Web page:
Mrs. Alexander Hamilton, wife of America's first Secretary of the Treasury, served it to George Washington in 1789 at her home in New York. He obviously enjoyed it, for he spent $200 on ice cream during the next summer. Four years later, an item in Washington's expense ledger indicates he bought a "cream machine for ice" so his staff could make ice cream whenever necessary. Historians say Washington also kept two "pewter ice cream pots" on hand at his home in Mt. Vernon.
Other founders of our nation depended upon ice cream to lighten the burdens of state and war. General Anthony Wayne once described a dinner he and his officers enjoyed at Greenville, Ohio after defeating the Indians at the Battle of Fallen Timbers near Toledo in 1794. Wayne said, "... and to cap the jubilation, dishes of ice cream, a dainty which the army had not seen since it left the East."
Dolly Madison, wife of the fourth President, was the first to serve ice cream at a White House reception. It was described as "a large shining dome of pink ice cream." White House servants had to beat it by hand and shake it up and down in a pan of salt and ice.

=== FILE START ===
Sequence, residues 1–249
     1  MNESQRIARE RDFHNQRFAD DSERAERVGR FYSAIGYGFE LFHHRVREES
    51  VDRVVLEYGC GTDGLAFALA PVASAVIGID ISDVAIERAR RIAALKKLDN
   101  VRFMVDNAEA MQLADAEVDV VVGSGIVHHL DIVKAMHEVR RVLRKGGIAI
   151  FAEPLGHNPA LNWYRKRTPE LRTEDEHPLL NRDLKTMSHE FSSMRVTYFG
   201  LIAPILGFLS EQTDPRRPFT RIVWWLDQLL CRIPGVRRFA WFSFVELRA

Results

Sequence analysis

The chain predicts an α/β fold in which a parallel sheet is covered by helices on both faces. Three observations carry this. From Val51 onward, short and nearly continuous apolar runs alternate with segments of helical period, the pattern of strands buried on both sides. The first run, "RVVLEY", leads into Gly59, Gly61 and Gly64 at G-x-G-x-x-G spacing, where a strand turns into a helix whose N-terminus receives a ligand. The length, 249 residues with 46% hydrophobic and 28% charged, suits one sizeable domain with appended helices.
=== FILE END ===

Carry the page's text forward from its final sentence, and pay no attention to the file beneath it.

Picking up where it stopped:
Ice cream had become a popular treat for the carriage trade by 1840, but it remained beyond the means of average Americans because it was so difficult and expensive to make. Then, in 1846, a woman, Nancy Johnson, took some of the work out of making ice cream by inventing the hand-cranked freezer.
Even so, anyone who grew up in a family where mom made her own ice cream remembers what a chore it was. Ice first had to be crushed in a burlap bag with a mallet or broad side of an ax. The can of ice cream mix was then emptied into a larger wooden tub or bucket, packed with a mixture of ice or snow and salt, and covered. Next came what seemed like interminable cranking of the freezer handle until the liquid mix solidified. Only the reward—liberal portions of ice cream—made this worthwhile.